Bisphosphonates prevent skeletal-related events in patients with metastatic breast cancer. Their effect in early breast cancer is controversial. Ibandronate is an orally and intravenously available amino-bisphosphonate with a favorable toxicity profile. It therefore qualifies as potential agent for adjuvant use.
PATIENTS AND METHODS:
The GAIN (German Adjuvant Intergroup Node-Positive) study was an open-label, randomized, controlled phase III trial with a 2 × 2 factorial design. Patients with node-positive early breast cancer were randomly assigned 1:1 to two different dose-dense chemotherapy regimens and 2:1 to ibandronate 50 mg per day orally for 2 years or observation. In all, 2,640 patients and 728 events were estimated to be required to demonstrate an increase in disease-free survival (DFS) by ibandronate from 75% to 79.5% by using a two-sided α = .05 and 1-β of 80%. We report here the efficacy analysis for ibandronate, which was released by the independent data monitoring committee because the futility boundary was not crossed after 50% of the required DFS events were observed.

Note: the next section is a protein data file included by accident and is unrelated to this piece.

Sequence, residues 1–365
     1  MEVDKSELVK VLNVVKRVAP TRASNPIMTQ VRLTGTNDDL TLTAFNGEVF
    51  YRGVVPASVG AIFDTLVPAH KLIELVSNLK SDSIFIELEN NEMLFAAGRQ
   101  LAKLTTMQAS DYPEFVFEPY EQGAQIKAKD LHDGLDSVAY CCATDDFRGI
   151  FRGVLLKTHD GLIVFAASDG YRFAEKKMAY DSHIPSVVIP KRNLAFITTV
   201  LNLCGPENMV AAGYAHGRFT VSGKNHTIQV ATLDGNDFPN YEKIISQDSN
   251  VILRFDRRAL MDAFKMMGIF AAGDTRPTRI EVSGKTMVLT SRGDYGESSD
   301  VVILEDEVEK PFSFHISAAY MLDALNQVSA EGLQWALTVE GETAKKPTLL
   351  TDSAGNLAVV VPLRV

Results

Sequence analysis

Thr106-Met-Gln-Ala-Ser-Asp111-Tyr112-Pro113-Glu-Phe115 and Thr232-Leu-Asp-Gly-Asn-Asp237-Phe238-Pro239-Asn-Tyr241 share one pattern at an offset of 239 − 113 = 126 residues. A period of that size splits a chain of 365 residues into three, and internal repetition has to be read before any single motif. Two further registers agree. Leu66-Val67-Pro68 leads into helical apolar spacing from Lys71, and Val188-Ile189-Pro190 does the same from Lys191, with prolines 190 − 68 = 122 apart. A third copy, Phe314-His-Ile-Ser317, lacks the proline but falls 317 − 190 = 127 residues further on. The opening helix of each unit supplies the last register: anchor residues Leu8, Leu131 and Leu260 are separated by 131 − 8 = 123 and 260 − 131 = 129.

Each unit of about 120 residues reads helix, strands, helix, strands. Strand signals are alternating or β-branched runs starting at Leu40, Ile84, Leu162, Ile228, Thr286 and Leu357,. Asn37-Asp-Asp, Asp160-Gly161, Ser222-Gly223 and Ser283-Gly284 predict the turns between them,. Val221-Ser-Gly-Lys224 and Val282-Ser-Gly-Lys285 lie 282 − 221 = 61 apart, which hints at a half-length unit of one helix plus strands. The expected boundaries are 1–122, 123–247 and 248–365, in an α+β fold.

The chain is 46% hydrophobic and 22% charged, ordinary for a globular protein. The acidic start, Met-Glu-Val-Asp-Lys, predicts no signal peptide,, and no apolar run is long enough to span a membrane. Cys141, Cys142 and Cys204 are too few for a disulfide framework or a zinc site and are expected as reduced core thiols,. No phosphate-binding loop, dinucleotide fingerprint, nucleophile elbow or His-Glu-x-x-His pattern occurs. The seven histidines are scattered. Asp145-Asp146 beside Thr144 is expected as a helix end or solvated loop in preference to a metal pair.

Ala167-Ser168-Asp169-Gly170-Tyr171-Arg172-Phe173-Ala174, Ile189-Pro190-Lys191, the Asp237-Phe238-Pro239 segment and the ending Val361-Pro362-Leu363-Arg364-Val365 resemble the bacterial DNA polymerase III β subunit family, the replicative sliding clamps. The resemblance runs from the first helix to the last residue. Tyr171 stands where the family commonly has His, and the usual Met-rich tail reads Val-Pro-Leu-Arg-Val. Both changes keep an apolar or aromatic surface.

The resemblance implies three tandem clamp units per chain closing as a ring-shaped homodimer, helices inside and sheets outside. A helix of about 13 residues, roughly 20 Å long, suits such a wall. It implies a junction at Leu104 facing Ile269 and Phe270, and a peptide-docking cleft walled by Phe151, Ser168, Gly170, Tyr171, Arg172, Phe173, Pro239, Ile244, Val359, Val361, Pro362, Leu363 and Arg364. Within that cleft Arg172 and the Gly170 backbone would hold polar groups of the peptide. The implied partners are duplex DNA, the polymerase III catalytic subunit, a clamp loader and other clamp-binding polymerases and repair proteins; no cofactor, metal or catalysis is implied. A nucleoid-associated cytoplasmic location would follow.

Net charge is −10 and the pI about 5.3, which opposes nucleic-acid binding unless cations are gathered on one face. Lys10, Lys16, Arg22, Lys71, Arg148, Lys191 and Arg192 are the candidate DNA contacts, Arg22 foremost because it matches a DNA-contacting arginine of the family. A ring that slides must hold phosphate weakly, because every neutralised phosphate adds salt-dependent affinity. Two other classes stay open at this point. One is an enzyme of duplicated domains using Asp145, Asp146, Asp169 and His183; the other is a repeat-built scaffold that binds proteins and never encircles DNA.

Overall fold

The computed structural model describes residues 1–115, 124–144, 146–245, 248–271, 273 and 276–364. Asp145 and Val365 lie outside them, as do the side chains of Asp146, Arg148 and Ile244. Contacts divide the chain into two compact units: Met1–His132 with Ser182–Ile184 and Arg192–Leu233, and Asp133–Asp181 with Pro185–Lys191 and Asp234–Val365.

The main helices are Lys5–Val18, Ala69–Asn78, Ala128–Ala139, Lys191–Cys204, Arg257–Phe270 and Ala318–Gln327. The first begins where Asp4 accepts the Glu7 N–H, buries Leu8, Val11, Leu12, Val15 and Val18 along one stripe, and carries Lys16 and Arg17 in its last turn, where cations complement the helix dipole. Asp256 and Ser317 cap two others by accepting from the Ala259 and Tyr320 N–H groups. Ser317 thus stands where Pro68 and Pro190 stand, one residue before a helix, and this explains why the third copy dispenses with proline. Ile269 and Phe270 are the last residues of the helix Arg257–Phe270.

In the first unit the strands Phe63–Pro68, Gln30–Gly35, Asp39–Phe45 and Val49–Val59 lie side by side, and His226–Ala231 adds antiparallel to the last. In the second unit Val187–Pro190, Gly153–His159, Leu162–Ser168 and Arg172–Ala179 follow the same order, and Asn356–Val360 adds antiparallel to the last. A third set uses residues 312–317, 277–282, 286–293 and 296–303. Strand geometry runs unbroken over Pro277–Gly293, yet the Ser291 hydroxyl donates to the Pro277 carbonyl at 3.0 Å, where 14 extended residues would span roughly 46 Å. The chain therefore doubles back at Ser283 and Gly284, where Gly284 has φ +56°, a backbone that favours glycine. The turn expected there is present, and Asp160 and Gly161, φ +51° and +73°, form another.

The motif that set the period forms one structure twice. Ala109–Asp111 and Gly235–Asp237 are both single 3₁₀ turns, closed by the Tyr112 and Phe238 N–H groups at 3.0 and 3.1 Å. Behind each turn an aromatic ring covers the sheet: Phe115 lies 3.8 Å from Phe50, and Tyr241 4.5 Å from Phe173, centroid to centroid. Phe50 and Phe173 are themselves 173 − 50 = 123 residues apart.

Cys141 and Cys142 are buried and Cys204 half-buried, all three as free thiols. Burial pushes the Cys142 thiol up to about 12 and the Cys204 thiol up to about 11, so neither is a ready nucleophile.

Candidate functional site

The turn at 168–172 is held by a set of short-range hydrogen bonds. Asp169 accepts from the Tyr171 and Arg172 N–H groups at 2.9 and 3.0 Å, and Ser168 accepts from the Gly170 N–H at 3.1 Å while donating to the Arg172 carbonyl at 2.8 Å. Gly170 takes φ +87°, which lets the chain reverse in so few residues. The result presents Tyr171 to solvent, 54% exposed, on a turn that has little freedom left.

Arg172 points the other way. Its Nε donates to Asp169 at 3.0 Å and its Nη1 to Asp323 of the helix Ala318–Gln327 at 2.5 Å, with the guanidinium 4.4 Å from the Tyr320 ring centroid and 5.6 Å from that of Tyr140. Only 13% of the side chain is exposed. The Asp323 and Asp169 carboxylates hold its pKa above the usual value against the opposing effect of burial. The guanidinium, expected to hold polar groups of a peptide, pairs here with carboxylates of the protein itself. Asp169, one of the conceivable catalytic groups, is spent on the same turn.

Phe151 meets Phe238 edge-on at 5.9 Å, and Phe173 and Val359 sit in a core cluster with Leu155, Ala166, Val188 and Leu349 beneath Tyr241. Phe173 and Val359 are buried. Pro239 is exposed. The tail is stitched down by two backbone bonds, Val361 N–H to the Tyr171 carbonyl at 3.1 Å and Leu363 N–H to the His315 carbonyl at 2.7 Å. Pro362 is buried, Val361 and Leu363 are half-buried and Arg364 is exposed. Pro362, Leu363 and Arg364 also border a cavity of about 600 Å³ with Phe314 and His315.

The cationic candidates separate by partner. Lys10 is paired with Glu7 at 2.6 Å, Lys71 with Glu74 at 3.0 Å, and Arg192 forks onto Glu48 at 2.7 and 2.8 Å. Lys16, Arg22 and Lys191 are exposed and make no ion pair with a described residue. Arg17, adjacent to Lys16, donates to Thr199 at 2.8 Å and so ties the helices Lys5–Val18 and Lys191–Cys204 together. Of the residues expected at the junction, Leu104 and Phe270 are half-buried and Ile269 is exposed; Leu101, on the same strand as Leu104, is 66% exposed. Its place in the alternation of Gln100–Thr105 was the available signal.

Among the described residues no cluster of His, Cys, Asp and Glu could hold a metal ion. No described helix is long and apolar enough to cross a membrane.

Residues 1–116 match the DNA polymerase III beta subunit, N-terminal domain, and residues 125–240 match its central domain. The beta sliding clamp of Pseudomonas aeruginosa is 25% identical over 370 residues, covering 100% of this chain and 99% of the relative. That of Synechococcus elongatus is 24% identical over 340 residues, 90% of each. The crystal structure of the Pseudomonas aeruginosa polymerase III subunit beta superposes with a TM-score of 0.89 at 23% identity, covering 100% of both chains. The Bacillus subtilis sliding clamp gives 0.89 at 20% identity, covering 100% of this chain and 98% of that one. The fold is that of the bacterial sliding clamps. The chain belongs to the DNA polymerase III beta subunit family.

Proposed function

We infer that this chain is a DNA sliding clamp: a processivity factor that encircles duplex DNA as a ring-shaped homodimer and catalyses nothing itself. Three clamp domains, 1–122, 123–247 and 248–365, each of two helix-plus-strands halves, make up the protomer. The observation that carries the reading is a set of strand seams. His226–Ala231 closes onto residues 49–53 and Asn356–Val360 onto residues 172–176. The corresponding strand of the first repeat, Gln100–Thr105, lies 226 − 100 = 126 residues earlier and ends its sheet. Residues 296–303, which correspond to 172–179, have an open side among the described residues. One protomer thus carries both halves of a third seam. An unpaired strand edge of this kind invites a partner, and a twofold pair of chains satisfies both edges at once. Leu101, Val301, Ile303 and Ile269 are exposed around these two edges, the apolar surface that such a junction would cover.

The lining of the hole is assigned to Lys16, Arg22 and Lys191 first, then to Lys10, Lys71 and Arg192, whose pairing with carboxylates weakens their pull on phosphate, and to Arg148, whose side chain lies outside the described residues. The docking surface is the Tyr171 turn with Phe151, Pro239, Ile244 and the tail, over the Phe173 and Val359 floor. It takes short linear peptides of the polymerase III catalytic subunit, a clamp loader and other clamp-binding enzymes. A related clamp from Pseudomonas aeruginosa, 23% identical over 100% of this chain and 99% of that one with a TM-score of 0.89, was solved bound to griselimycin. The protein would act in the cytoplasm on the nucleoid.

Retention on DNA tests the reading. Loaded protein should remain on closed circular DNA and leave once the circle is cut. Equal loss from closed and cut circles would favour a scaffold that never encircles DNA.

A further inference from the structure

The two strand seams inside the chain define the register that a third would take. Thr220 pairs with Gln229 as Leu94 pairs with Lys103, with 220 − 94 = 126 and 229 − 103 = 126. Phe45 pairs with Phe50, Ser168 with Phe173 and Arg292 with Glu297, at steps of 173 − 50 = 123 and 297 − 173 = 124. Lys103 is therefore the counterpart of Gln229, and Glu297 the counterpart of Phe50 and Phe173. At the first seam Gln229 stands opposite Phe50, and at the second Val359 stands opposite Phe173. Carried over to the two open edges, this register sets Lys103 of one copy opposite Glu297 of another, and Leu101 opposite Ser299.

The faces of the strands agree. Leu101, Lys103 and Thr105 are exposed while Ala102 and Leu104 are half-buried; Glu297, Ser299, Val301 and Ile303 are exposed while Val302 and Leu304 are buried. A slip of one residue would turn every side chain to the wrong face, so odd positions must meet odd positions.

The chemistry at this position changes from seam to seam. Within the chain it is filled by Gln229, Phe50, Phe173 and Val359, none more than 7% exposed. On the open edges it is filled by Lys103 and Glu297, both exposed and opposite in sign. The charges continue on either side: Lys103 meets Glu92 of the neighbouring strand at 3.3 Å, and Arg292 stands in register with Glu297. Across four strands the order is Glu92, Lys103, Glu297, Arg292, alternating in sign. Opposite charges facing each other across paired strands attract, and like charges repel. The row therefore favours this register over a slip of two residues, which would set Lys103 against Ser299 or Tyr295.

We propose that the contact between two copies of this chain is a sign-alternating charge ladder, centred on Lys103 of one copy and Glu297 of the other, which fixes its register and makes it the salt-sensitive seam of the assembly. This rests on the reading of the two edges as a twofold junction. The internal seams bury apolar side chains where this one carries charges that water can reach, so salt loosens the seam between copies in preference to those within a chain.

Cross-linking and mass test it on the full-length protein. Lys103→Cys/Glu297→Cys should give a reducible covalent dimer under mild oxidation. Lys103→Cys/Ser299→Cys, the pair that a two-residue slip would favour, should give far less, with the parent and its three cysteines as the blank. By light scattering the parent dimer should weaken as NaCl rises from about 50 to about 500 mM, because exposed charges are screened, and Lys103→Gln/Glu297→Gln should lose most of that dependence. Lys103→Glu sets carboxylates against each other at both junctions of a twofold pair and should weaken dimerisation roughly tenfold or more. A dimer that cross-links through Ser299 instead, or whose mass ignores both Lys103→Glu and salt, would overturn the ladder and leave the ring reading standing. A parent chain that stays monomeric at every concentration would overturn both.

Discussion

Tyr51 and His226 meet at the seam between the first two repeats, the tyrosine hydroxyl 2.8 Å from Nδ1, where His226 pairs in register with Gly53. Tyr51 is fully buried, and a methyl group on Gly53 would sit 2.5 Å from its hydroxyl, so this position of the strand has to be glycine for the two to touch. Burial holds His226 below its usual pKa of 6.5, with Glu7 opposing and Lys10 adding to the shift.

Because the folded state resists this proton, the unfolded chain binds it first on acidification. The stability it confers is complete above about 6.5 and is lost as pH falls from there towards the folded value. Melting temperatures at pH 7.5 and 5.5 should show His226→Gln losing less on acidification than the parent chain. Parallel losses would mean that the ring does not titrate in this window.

Between June 2004 and August 2008, 2,015 patients were randomly assigned to ibandronate and 1,008 to observation. Patients randomly assigned to ibandronate showed no superior DFS or overall survival (OS) compared with patients randomly assigned to observation (DFS: hazard ratio, 0.945; 95% CI, 0.768 to 1.161; P = .589; OS: HR, 1.040; 95% CI, 0.763 to 1.419; P = .803). DFS was numerically longer if ibandronate was used in patients younger than 40 years or older than 60 years compared with patients age 40 to 59 years (test for interaction P = .093).
Adjuvant treatment with oral ibandronate did not improve outcome of patients with high-risk early breast cancer who received dose-dense chemotherapy.